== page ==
THE main concourse of Paddington Station would be an ideal place for the “omniscient” narrator, so beloved of novelists, to take up their abode. It’s fascinating enough for me, even with my more limited perspective, to see so many lives briefly intersecting, so many individual stories criss-crossing, sharing for a moment the same space. I can only guess how it is for each person in that shared moment of their story, as they can only speculate, if they choose, about how it is for me.
I see such vibrant variety. I see two women in hijabs, an older and a younger, chatting intimately as they watch their luggage and work out their train times. Whence have they come? Where to, now? How does it feel to be clothed in such a public statement of their faith at this time of tension and crisis? What looks do they receive, brush off, or absorb?
I wonder the same thing about the man in the kippah, staring up at the departures board and checking his watch. Beside him is a teenager clutching a skateboard and wearing a black hoodie, beneath which big headphones bulge. Even from where I am, I can hear the tsk, tsk, tsk of an insistent beat. How different, I wonder, is the music that makes the pulse of his life from mine?
And then there is the harassed mum, holding the hand of a wailing toddler and watching her baby in its pushchair; the kind, tired face of the woman beside me in a blue uniform bearing a hospital logo and the words “Mental Health Nurse”; the suited businessman; the gaggle of football supporters, a little the worse for wear; the old man with the walking stick; the two young women, dressed to impress, supporting one another as they totter along on high heels.
I can only begin to guess all their stories as I wait to change trains. But, were I that omniscient narrator, I could tell you all about them, I could enthral you with the heights and depths, the joys and sorrows, the sheer pathos of their lives, and the lives of all the others with whom their lives, for good or ill, are intertwined.
How must it be for God, I wonder, who is truly omniscient, who knows every one of these people to the very core? He knows them better than they know themselves, and, in that full knowledge, beholds not only this crowded concourse, but everyone, everywhere, from the streets of Tel Aviv and Gaza, to the apartments of Manhattan and the quake-struck villages of Afghanistan.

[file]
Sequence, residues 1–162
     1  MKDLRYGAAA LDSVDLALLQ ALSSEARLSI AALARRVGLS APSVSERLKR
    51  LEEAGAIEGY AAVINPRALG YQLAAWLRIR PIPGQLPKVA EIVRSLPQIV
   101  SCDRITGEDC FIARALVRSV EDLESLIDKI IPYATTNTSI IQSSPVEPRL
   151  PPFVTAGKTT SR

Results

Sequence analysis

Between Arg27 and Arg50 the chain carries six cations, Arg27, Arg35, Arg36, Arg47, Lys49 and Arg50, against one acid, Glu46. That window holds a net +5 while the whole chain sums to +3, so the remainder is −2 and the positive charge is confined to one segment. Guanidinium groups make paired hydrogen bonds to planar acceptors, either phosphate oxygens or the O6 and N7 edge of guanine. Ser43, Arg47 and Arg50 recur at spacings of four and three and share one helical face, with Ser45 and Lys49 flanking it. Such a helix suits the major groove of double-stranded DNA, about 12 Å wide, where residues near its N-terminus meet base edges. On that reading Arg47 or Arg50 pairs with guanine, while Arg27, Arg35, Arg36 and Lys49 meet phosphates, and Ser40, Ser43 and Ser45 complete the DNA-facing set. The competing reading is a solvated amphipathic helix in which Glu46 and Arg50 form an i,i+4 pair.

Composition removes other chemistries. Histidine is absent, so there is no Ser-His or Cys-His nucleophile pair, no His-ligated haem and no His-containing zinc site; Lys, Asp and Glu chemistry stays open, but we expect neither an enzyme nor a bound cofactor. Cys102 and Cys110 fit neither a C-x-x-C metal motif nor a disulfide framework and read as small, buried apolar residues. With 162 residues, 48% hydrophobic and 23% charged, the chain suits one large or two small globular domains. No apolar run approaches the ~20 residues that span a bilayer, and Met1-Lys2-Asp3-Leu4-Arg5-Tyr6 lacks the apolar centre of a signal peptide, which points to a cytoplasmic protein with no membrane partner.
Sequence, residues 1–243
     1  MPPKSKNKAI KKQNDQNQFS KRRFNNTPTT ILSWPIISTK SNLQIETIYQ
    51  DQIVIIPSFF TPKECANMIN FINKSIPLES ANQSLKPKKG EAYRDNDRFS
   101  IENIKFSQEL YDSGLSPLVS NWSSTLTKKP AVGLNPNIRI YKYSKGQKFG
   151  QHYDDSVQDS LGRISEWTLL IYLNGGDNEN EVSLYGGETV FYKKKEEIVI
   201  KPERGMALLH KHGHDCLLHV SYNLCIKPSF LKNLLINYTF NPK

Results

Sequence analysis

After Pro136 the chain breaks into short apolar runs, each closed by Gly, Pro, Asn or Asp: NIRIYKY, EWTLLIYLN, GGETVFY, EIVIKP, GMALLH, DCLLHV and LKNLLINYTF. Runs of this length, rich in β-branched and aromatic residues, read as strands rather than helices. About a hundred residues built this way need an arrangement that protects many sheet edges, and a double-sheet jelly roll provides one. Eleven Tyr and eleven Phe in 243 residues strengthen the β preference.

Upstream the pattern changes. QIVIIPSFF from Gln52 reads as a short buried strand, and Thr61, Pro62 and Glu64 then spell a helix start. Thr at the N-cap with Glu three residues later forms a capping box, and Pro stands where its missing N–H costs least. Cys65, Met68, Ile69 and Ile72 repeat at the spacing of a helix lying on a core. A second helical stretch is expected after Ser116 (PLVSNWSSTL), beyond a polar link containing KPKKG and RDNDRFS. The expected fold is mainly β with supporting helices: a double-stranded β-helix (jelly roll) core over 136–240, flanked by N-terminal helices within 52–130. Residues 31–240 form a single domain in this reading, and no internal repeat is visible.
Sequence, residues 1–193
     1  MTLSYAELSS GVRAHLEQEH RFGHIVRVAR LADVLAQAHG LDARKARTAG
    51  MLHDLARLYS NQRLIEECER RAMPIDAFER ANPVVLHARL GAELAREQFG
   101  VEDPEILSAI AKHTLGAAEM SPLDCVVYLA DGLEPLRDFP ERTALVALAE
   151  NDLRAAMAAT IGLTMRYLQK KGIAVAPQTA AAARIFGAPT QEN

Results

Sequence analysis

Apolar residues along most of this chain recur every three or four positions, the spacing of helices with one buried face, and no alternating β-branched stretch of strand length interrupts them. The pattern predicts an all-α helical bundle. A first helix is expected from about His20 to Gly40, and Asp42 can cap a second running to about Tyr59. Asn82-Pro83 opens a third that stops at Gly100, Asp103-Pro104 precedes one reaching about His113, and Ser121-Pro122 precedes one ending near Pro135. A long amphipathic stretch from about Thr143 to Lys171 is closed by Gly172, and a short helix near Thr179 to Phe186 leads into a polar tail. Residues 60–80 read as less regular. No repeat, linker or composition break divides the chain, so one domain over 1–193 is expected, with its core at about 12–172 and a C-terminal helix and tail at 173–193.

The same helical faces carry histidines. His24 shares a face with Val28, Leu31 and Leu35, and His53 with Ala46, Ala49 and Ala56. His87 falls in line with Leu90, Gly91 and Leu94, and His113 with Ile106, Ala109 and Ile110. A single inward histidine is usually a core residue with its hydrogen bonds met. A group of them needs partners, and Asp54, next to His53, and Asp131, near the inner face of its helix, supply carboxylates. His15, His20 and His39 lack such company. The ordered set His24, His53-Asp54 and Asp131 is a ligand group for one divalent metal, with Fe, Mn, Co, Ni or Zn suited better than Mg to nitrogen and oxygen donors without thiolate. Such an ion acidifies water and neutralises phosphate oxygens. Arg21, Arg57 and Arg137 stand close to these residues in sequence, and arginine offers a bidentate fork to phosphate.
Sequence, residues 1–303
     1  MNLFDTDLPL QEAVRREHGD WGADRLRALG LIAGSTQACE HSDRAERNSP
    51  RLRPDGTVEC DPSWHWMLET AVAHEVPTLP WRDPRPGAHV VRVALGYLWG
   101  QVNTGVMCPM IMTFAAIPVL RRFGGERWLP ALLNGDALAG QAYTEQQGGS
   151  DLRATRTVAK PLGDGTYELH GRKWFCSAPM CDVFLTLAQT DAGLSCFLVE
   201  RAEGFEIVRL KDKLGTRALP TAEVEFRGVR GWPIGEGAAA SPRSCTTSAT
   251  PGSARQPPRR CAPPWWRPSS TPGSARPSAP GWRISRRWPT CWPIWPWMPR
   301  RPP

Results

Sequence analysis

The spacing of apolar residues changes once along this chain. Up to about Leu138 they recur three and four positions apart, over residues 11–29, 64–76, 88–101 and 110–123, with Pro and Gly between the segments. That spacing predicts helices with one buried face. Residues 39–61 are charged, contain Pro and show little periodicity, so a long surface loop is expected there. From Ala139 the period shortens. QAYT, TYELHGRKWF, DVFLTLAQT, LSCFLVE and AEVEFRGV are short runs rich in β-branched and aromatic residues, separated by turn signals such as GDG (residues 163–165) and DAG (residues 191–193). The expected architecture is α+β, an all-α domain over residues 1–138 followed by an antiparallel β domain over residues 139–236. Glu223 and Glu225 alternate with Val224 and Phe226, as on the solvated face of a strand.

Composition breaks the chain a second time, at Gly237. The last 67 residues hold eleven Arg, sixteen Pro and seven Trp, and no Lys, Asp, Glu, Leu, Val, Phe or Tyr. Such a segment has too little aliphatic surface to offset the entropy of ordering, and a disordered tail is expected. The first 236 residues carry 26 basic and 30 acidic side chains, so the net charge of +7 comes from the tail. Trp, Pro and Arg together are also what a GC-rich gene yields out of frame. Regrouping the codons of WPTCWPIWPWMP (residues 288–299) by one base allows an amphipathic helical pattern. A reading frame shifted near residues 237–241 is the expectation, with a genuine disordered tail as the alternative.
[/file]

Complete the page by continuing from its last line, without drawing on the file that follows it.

But God is more than just some imagined omniscient narrator. The voice of the novelist is partial and selective: some novelists clearly love some of their characters more than others, and those characters, however well drawn, cannot turn around and love their author back. But the omniscient God, who knows everyone on that concourse, the omnipresent God who is present everywhere in Paddington, is no mere knower, no mere assayer of circumstance, but is the author who loves all of his creation equally. And, for him, knowledge and love are not separate things. Love is his very way of knowing; for he himself is Love.
If my knowledge of all those with whom for a moment I share the crowded concourse is partial, so, too, is my love. But, as I leave the concourse and board my train, I trust myself, and all whom I have seen, once more into the hands of the One who knows and loves us all far more completely than any of us can imagine.
Fire in the Heart: An Advent retreat with Julian of Norwich will be held online on Saturday 25 November, 10 a.m. to 1 p.m., with Rachel Mann, Claire Gilbert, Richard Carter, Julia Mourant, and Malcolm Guite. Tickets are available at: churchtimes.co.uk/fire-in-the-heart-an-advent-retreat-with-julian-of-norwich